Trump cries wolf
Views 24 | Time to read: 3 minutes | Uploaded: 3 - 28 - 2017 | By: Cameron Lee
The past few weeks have marked a new chapter in the long saga of Donald Trump’s divorce from the truth: the wiretapping allegations. On March 4th, Trump kicked the fiasco off with (you guessed it) a tweet, alleging that the Obama administration ‘had [his] “wires tapped” in Trump Tower just before the [election] victory.”
These allegations have since been denied by numerous sources – including Rep. Schiff of the House Intelligence Committee, FBI Director James Comey, and former Director of National Intelligence James Clapper. Of course, the mere lack of evidence was not enough to cause Trump to retract his allegations.
On March 16th, this bit of domestic nonsense began to cause diplomatic tension, as Sean Spicer alleged that Obama asked the GCHQ – a UK intelligence agency – to conduct surveillance on Trump. This version of the allegation has been denied by both the GCHQ and NSA Director Mike Rogers.
At this point, many readers are probably wondering, “Why should we care? Politicians have never been known as an honest bunch.” While it is true that most politicians have a strained relationship with the truth, their dishonesty is typically pragmatic, not pathological. More often than not, political figures lie when it benefits them and when they can get away with it.
Trump’s pattern of dishonesty, of which the wiretapping claims are only the latest example, seems to disregard such pragmatic concerns; there is no observable benefit that he or this country have gained from the repetition of this falsehood. By holding fast to an unsubstantiated allegation which is repeatedly refuted, Trump only serves to degrade his own credibility in the eyes of the public. By extending these baseless accusations to the United Kingdom, Trump only serves to alienate one of the country’s most reliable allies.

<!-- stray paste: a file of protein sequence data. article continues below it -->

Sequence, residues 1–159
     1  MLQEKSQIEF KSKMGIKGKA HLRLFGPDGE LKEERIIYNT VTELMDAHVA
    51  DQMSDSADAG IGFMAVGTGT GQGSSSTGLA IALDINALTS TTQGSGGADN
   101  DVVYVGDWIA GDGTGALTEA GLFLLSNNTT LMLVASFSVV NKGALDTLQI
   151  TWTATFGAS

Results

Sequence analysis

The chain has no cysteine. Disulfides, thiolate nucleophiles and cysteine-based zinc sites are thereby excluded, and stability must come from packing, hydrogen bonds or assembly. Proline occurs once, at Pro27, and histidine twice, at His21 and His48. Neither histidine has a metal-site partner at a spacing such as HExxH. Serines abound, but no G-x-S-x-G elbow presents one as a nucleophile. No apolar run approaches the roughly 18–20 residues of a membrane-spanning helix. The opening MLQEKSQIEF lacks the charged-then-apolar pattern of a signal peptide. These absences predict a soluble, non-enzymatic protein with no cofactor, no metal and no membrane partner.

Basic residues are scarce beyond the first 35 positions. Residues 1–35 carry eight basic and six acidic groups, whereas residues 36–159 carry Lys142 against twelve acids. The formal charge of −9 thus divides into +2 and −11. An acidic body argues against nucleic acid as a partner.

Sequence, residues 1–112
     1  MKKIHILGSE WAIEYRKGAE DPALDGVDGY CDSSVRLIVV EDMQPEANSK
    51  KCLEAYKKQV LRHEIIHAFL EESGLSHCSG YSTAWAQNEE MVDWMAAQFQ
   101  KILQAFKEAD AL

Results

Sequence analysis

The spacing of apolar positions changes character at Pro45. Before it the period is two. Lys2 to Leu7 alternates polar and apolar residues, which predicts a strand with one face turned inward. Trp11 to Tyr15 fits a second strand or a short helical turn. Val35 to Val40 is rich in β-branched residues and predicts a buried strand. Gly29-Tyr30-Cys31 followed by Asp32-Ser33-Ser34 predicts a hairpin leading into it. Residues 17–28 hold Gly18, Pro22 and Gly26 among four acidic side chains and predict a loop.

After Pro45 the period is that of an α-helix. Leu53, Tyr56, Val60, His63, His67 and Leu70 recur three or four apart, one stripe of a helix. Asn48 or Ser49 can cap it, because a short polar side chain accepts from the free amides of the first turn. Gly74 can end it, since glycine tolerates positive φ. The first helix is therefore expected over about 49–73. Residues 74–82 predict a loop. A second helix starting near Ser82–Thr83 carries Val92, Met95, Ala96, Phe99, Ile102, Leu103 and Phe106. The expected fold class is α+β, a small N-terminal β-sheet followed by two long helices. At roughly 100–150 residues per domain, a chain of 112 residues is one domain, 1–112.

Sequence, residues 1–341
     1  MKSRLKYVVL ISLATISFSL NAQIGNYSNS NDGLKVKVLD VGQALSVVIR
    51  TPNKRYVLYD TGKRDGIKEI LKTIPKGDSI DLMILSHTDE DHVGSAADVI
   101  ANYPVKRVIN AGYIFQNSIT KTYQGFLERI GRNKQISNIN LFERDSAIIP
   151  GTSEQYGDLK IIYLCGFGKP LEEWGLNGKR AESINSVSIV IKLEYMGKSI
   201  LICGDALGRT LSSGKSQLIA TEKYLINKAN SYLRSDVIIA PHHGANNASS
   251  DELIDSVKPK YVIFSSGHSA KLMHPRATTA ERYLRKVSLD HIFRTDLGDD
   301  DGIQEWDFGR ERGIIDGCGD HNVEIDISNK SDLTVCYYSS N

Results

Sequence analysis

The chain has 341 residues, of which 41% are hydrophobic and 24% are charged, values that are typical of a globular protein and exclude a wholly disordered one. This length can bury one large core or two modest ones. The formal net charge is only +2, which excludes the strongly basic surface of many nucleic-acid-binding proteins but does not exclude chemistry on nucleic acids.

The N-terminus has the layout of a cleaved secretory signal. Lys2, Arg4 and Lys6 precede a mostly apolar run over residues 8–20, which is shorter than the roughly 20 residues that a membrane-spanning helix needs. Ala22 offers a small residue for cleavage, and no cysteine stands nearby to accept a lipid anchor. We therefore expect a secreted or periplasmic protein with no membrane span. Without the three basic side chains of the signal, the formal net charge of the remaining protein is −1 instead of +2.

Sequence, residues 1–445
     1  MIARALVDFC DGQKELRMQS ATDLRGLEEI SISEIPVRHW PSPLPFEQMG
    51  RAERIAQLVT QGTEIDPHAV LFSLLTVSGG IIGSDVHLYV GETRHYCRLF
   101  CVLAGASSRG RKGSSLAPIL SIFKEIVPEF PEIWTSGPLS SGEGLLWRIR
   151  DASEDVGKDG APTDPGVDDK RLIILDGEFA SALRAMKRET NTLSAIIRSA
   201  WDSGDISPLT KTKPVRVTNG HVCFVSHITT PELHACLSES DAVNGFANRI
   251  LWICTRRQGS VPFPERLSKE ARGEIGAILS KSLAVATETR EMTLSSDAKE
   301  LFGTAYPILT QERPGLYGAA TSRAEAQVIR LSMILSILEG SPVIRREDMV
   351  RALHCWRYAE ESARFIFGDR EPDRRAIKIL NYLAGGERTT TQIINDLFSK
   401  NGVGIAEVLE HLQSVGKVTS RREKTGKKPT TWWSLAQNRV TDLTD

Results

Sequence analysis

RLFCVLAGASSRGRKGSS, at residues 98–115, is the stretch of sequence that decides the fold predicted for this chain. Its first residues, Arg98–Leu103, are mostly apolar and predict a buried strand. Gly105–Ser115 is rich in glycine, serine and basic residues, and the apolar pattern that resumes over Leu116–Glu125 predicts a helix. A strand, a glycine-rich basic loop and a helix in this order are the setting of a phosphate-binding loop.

Trump’s mistake is not that he is making false statements; his mistake is that he’s doing it for no reason and getting caught. The problem that Trump is creating for himself is essentially the problem faced in the story of The Boy Who Cried Wolf: when you become known for making false claims about illegal votes and wiretapping, nobody will believe you when you finally tell the truth.
For a moment, let us assume that Trump is in fact correct about the wiretapping, and that he has some sort of information that would substantiate his allegations. If this is the case, then it would be in his best interest to release that information, because it would restore his credibility in the eyes of the public. Considering that Director Comey has admitted that the FBI is investigating Russian interference in the election, Trump is going to need that credibility. If the public does not believe a word he says, then his denial of collusion with Russian officials will mean very little, even if he is then telling the truth.
To be frank, Trump’s lack of regard for the truth may have served him well in his candidacy, but he will need to at least create the illusion of credibility if he wants to succeed as a political figure.
Brian Landis | Just out of curiosity, now that the allegations have proven to be true that Obama and Comey both spied on Trump's transition team will you take another look at this issue? ~ 6 months ago.